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Documents Relating to New Zealand's Participation in the Second World War 1939–45: Volume III

Appendix III — Visit of Ministers from Dominions and of a Representative from India — ANNEX

page 538

Appendix III
Visit of Ministers from Dominions and of a Representative from India


Note of Mr Fraser's Views

New Zealand's concern regarding possible developments in the Far East, is, we believe, very much the same as that of Australia. The matter was discussed in considerable detail at the Pacific Defence Conference1 in Wellington this year and the general conclusion arrived at was that the most probable scale of attack in any likely contingency would be that of sporadic raids. At the same time a saving clause was unanimously agreed upon that, while this would appear to be the most probable scale of attack, Australia and New Zealand would be well advised to consider preparations against a greater scale of attack.

The present situation as it has in fact now developed is much more favourable than the worst contingencies contemplated in Wellington. To that extent, and from the narrower point of view of the defence of New Zealand and Australia, the problem is at the moment simpler than it might have been. In the light of present circumstances and of Paper No. DMV (39) 32 we have no immediate fear of serious delay or difficulty in despatching a substantial British fleet to Singapore, should hostilities develop in the Far East, nor indeed have we any immediate fear of any such hostilities in the Far East. It is for this reason that the New Zealand Government have decided (of course in the absence of any serious deterioration in the meantime) to despatch by mid-January the first echelon, consisting of some 6700 men, of the contemplated Division. This decision was taken in the light of the present situation, after consideration of the information supplied to the Honourable Mr Fraser during his present visit to this country, and in the light of the considerations set out in the British Government's summary of the situation on the outbreak of war, in which, it will be remembered, the possibility of despatch of forces from New Zealand was considered under two headings (a) Japan definitely not hostile, and (b) Japan either hostile or adopting an attitude of reserve.3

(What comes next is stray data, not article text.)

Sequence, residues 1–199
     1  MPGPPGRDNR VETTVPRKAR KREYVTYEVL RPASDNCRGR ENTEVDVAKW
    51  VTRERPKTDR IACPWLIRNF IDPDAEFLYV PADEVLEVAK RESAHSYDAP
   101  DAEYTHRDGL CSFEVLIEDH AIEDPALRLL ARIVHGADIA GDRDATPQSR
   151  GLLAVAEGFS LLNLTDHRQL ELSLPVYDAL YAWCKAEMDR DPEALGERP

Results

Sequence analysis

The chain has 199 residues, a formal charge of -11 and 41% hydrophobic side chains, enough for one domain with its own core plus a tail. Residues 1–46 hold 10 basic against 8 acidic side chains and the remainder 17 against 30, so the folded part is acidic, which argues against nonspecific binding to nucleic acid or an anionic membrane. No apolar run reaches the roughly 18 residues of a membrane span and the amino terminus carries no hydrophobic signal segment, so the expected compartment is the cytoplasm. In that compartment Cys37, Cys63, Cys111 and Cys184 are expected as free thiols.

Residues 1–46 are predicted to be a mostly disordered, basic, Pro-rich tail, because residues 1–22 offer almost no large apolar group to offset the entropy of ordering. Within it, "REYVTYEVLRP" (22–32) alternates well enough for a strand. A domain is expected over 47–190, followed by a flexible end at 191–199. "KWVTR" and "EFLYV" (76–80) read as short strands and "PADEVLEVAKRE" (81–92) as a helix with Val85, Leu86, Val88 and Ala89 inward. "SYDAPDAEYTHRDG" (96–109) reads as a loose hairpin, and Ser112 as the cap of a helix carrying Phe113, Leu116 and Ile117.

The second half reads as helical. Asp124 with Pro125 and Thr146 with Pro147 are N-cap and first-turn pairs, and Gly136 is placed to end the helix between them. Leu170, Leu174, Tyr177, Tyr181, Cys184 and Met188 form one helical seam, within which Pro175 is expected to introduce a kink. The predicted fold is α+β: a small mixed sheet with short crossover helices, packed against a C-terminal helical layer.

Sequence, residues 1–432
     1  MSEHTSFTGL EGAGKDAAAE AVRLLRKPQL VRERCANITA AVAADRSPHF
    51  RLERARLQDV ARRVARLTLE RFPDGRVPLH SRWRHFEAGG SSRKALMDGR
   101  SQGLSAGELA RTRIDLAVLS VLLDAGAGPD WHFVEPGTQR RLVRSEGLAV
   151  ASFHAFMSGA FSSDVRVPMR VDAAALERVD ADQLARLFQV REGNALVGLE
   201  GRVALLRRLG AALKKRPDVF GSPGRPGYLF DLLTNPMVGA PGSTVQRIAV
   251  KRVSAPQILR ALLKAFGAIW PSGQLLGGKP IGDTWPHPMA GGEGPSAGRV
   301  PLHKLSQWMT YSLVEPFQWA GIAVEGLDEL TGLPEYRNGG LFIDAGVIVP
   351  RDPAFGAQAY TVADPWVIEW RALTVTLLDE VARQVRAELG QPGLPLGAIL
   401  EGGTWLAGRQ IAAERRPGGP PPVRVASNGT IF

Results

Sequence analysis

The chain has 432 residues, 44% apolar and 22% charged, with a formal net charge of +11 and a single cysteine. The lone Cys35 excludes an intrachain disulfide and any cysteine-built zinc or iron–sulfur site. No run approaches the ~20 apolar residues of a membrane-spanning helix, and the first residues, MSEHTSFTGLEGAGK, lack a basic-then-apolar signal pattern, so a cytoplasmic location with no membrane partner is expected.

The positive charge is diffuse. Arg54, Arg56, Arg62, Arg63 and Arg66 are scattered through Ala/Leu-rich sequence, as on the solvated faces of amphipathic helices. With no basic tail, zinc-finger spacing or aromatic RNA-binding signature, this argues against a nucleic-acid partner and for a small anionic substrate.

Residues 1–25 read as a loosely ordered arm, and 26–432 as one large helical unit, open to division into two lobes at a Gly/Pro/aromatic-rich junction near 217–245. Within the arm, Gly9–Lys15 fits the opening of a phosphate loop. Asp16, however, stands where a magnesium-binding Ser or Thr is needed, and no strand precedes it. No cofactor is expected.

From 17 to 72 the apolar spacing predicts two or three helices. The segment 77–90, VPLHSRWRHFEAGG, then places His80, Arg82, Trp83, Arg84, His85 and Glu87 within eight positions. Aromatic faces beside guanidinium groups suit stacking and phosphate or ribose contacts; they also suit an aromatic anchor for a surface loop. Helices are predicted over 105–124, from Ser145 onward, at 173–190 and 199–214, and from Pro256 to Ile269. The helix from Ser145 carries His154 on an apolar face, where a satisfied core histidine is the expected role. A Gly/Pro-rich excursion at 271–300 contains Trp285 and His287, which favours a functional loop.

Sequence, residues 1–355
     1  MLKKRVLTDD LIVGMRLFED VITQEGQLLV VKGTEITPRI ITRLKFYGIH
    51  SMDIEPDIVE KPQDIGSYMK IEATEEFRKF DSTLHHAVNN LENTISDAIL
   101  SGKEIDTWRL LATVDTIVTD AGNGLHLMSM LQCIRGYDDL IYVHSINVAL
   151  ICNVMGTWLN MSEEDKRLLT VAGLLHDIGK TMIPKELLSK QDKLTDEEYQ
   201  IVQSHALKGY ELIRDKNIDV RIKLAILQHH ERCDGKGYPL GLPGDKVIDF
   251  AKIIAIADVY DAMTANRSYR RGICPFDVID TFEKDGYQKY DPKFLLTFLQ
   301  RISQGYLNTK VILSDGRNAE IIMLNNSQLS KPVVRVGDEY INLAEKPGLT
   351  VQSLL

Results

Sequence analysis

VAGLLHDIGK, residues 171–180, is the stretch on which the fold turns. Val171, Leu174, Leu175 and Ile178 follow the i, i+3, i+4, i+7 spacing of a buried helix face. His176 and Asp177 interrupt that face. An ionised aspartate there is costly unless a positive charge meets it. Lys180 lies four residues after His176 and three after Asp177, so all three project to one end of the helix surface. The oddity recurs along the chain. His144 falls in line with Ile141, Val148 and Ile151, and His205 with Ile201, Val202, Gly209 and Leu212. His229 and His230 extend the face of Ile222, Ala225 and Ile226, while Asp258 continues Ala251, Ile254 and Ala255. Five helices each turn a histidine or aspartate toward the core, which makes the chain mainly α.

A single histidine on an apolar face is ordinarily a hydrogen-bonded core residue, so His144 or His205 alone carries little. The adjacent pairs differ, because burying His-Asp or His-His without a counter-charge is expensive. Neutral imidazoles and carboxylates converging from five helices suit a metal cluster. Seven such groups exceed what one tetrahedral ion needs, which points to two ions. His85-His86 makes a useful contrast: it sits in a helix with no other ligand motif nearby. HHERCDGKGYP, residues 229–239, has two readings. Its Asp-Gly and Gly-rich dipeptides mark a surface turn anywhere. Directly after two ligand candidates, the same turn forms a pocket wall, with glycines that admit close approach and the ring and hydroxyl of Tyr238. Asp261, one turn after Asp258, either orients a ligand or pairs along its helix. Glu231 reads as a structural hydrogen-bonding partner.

At the same time, just as facts have proved that it was not possible accurately to predict the parties to the present war or the course of hostilities, so the future is no doubt equally unpredictable. Quite apart from the position that might develop were Germany to invade Holland, and Japan to consider the time opportune for a forward move against Dutch possessions in the East, we feel that we also have to consider other possibilities. At the moment, from the narrower point of view of the defence of New Zealand, the German-Russian pact and the entanglement of Japan

2 This paper on Australian Naval Defence was replaced by DMV (39) 4—see Appendix II.

3 See Vol. I, Negotiations regarding Participation of New Zealand's Armed Forces, No. 24.

page 539 in the ‘China incident’ would seem to render an attack on New Zealand on any large scale extremely improbable, but it is the part of prudence to consider all the possibilities of the future, and the New Zealand Government must obviously pay special attention to the defence of New Zealand (in consonance with the resolutions of successive Imperial Conferences) not only because of its paramount duty of protecting the people of New Zealand but also as a necessary preliminary to playing its full part in the wider sphere of hostilities. Japan may not always be involved in China; Japan may not always be suspicious of Russia; the United States may not prove a sufficient deterrent to Japanese action southwards and, indeed, if the Commonwealth and its Allies were to receive a serious knock in the course of hostilities, the whole international situation might become entirely liquid again. These considerations are not absent from the mind of the New Zealand Government, who will be guided in their war measures, in the first place, by their desire to play the fullest possible part in the common effort and, secondly, by circumstances as they arise and by the advice from time to time of His Majesty's Government in the United Kingdom (which they greatly value), endeavouring at all times to keep a prudent balance between the forces available in New Zealand for the actual defence of the Dominion and a reasonable estimate of the potentialities of the situation from time to time.

Finally, may we take it that the undertaking given to Australia in paragraph 4 of the First Lord's Paper (No. DMV (39) 3) may definitely be regarded as applicable to New Zealand also?1

Richmond Terrace, SW 1,

20 November 1939

1 The paper was amended to include the naval defence of New Zealand as well as of Australia. See Appendix II, paragraph 4.